When a Man Rides on a Lame Horse

When a man rides on a lame horse, his riding is the cause why the horse goes, but the lameness is from the horse itself. Herein is God’s wisdom, that the sins of men carry on His work, yet He has no hand in them. “A Body of Divinity” pg. 75

The Difference Between the Godly and the Wicked

See the difference between the godly and the wicked. The heart of the godly is a temple; the heart of the wicked is a dunghill, “a cage of unclean birds,” Revelation 18:2. His mind is the devil’s mint; he is continually minting unchaste, impure thoughts; his heart is the anvil where he is daily hammering of sin. He is far from being a temple; he is a Sodom wherein are the heavings and boilings of lust. Proverbs 10:20, “The heart of the wicked is little worth.” A sinner’s heart is a common inn where all who will, may lodge; it is not a temple—but a pest house. He has the plague of the heart. But a godly man’s heart is a sacred temple which God highly values, and which He has promised to dwell in and revive, Isaiah 57:15. ~ Sermon, The Mystical Temple

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The Snow Covers Many a Dunghill

The snow covers many a dunghill. A snowy white profession covers many a foul heart! The sins of professors are more odious. Thistles are bad in a field—but worse in a garden. The sins of the wicked anger God—but the sins of professing Christians grieve him. ~  The Great Gain of Godliness

Healing for Hypocrisy

Christian, if you mourn for hypocrisy, yet find this sin so potent that you cannot get the mastery of it, go to Christ. Beg of him that He would exercise His kingly office in your soul, that He would subdue this sin, and put it under the yoke. Beg of Christ to exercise His spiritual surgery upon you. Desire Him to lance your heart and cut out the rotten flesh, and that He would apply the medicine of His blood to heal you of your hypocrisy. “The Godly Man’s Picture” pg. 19

A Man Ripe for Hell

Surely, there is not a greater sign of a man ripe for hell, than this, not only to lack grace, but to hate it. “All Things for Good” pg. 83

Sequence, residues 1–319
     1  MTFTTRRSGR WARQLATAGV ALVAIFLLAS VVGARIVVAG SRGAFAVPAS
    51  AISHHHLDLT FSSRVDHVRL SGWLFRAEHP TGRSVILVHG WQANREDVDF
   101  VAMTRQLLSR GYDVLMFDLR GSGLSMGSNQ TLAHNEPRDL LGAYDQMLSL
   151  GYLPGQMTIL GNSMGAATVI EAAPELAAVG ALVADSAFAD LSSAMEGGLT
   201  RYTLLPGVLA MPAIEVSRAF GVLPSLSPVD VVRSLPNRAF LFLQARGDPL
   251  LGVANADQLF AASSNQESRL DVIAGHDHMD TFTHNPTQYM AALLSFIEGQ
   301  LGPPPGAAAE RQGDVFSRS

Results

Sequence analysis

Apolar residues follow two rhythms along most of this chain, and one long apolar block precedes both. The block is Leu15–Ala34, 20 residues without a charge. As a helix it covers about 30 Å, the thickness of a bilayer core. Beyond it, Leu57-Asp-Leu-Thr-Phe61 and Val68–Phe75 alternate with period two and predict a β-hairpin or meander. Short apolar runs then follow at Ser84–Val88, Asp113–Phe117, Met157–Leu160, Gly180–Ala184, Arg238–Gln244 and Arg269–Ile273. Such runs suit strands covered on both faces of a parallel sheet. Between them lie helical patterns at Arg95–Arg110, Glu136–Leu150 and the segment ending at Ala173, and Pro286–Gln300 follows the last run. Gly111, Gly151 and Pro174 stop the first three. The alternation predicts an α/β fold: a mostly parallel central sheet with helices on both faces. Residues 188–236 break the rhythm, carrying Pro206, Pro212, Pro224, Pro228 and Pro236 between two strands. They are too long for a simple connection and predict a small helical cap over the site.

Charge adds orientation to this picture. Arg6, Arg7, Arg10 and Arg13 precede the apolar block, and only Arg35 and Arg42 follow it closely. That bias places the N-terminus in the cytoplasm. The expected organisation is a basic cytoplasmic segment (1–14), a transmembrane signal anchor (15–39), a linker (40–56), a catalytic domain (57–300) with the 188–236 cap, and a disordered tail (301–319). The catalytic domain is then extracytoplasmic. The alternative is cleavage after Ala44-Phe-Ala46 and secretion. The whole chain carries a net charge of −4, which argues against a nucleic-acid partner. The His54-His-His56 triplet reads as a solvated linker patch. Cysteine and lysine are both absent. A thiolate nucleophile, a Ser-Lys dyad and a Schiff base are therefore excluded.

The Heart is the Fomenter of Sin

Luther said he feared his own heart, more than Pope or Cardinal. The heart is the fomenter of sin. It mints evil thoughts—and blows up the coals of fiery passions. It is the Trojan horse out of which comes a whole army of lusts! Shall we not fight the good fight, and discharge with the fire of zeal against this bosom traitor, the flesh! The primitive Christians chose rather to be destroyed by lions without—than by lusts within! ~ Sermon, The Fight of Faith Crowned

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Sin is a Mere Cheat

Sin is a mere cheat. While it pretends to please us, it beguiles us! Sin does as Jael did. First she brought the milk and butter to Sisera, then she struck the nail through his temples so that he died (Judg. 5:26). Sin first courts, and then kills. It is first a fox and then a lion. Whoever sin kills it betrays. . . Sin is like the usurer who feeds a man with money and then makes him mortgage his land. Sin feeds the sinner with delightful objects and then makes him mortgage his soul. Judas please himself with thirty pieces of silver, but they proved deceitful riches. Ask him now how he likes his bargain. “Doctrine of Repentance” pg. 110

Long Forbearance is No Forgiveness

If God lets men prosper a while in their sin, His vial of wrath is all this while filling; His sword is all this time whetting: and though God may forbear men a while, yet long forbearance is no forgiveness. The longer God is in taking His blow, the heavier it will be at last. “A Body of Divinity” pg. 90

God is More Willing to Pardon than to Punish

Are we under the guilt of sin? There is a promise, ” The Lord merciful and gracious ” (Exod. xxiv. 6), where God as it were puts on His glorious embroidery, and holds out the golden scepter, to encourage poor trembling sinners to come to Him. ” The Lord, merciful. ” God is more willing to pardon than to punish. Mercy does more multiply in Him than sin in us. Mercy is His nature… He shows mercy, not because we deserve mercy, but because He delights in mercy. “All Things for Good

Shall I Sin Against Goodness

The goodness of God works for good to the godly. God’s goodness is a means to make us good. ” The goodness of God leadeth to repentance ” (Rom. ii. 4). The goodness of God is a spiritual sunbeam to melt the heart into tears. Oh, says the soul, has God been so good to me? Has He reprieved me so long from hell, and shall I grieve His Spirit any more? Shall I sin against goodness? The goodness of God works for good, as it ushers in all blessings. The favours we receive, are the silver streams which flow from the fountain of God’s goodness. “All Things for Good